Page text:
Thailand’s state of emergency is a tool to limit the freedoms of people and the media – ADN
Analysts claim that the current “state of emergency” in Thailand is a way of enabling the government to limit press freedom and citizens’ rights to free expression. It is a strategy often employed by 4 other Southeast Asian countries, especially Cambodia, Indonesia, Malaysia and the Philippines, according to the Asia Democracy Network (ADN).
The ADN Secretary-General, Ichal Supriadi, said that their report, called “Confronting the regression of Media Freedom in South East Asia”, was conducted through a series of consultations with media freedom stakeholders, including journalists, media associations, government representatives, think-tanks and academics. It aims to provoke a serious conversation regarding the current lack of press freedom in the region. ADN also organised a recent webinar, on the same topic. The event saw experts from various countries discussing media freedoms in the Southeast Asia region.
There are a number of governments which are using COVID-19 as a pretext to limit freedom of expression, limit access to information and even the movement of people, which Dr. Ming Kuok Lim, an Adviser for Communication and Information from UNESCO, says it is not in-line with international standards. “Any sort of restriction, including the use of emergency powers that restrict human rights like freedom of expression, must be legitimate and appropriate. In terms of emergency, it must have a very strong purpose and must be for a defined period of time only,” he added.
Dr. Jessada Salathong, an academic on mass communication, from Chulalongkorn University in Bangkok, said that the media in Thailand has been in a tough situation, having to work within limitations for a long time. The media have to adjust to survive, and changes to media freedoms can be seen over the past decade. He said that, in order to have media which are free from commercial and political influence, there has to be media which works solely in the public’s interest.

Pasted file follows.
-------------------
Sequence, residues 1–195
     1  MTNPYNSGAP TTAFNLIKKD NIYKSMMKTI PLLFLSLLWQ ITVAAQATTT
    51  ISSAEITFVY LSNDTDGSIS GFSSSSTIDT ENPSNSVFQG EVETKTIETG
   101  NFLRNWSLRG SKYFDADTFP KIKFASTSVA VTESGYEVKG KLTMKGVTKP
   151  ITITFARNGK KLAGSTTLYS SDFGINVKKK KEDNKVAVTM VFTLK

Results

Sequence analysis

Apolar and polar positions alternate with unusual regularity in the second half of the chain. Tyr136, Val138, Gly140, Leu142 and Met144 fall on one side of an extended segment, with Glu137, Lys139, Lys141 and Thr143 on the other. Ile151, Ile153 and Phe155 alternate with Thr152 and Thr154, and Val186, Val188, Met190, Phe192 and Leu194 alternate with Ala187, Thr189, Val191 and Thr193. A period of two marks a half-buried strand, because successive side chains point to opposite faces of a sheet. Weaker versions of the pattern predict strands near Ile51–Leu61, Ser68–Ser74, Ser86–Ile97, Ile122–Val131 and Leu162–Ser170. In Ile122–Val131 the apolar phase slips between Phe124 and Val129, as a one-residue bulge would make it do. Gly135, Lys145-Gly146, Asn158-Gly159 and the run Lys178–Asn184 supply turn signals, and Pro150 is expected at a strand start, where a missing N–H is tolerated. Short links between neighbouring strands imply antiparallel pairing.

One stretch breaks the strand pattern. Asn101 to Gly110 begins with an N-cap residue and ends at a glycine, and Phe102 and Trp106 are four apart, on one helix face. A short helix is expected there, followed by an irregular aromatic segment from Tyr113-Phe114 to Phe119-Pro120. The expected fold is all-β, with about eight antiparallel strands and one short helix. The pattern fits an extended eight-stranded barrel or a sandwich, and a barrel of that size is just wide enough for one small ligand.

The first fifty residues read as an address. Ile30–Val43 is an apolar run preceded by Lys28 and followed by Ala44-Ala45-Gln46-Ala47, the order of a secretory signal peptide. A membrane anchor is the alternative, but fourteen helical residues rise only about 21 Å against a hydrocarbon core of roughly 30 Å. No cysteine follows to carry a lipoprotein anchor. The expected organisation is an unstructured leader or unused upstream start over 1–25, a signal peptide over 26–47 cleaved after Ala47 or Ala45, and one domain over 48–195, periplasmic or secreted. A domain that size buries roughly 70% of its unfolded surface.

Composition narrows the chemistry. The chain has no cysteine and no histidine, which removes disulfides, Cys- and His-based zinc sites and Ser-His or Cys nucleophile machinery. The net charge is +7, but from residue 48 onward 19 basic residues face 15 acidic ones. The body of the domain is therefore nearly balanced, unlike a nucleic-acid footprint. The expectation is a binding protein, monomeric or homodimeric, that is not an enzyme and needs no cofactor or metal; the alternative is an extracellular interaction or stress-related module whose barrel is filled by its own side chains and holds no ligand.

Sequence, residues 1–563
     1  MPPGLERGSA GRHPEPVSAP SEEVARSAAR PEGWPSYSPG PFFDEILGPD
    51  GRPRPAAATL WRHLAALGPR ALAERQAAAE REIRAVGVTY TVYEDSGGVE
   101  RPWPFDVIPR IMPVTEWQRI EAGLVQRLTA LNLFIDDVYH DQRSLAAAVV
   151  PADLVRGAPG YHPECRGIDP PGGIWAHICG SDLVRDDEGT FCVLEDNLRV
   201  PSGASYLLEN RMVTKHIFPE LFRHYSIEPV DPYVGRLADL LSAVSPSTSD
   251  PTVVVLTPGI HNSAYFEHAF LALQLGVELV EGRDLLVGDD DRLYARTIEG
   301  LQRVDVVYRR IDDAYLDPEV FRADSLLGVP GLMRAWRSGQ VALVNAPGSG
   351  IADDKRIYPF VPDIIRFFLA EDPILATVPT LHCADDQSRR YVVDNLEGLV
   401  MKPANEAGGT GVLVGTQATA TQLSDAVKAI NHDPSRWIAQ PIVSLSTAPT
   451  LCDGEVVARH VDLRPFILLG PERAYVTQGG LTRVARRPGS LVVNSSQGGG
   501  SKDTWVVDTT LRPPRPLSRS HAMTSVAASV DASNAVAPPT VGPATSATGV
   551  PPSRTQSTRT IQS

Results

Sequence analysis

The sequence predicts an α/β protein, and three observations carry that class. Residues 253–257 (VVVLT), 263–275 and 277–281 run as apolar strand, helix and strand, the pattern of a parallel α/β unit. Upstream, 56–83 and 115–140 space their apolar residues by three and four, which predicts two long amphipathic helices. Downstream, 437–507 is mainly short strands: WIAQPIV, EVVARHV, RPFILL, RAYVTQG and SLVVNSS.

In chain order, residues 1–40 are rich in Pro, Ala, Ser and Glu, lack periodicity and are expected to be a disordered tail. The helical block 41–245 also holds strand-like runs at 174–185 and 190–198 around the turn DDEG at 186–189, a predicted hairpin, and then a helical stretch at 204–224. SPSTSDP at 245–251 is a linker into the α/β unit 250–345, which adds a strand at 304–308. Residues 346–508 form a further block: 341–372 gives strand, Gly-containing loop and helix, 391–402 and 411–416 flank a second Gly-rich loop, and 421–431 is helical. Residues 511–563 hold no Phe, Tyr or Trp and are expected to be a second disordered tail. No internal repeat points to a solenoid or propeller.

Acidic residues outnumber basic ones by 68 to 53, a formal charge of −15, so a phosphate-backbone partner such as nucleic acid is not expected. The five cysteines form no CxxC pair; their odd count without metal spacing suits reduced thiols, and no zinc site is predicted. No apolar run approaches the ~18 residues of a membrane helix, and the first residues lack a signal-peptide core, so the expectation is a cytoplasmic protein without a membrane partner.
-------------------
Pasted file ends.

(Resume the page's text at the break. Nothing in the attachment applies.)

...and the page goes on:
When it comes to fact-checking, even though the Thai government established the Anti Fake News Centre, it should not be created and operated by the government only, Dr. Jessada added.
Meanwhile, an executive director of the Manila-based Center for Media Freedom and Responsibility (CMFR), Melinda de Jesus, concluded that the crisis and pandemic should force those in journalism to reexamine the way the media perform their function and to find ways by which they can better perform their duty to society, which they have an obligation to serve.
The World Press Freedom Index 2021, by Reporters Without Borders (RSF), has put most Southeast Asian countries low on the list of the 180 countries assessed around the world, Thailand being number 137. It said in the report that the coverage, or lack of it, of the massive pro-democracy demonstrations in 2020 confirmed the scale of self-censorship within the Thai media.
Many argue, however, that the same benchmarks, used by the RSF, cannot be applied to assess all countries and cultures.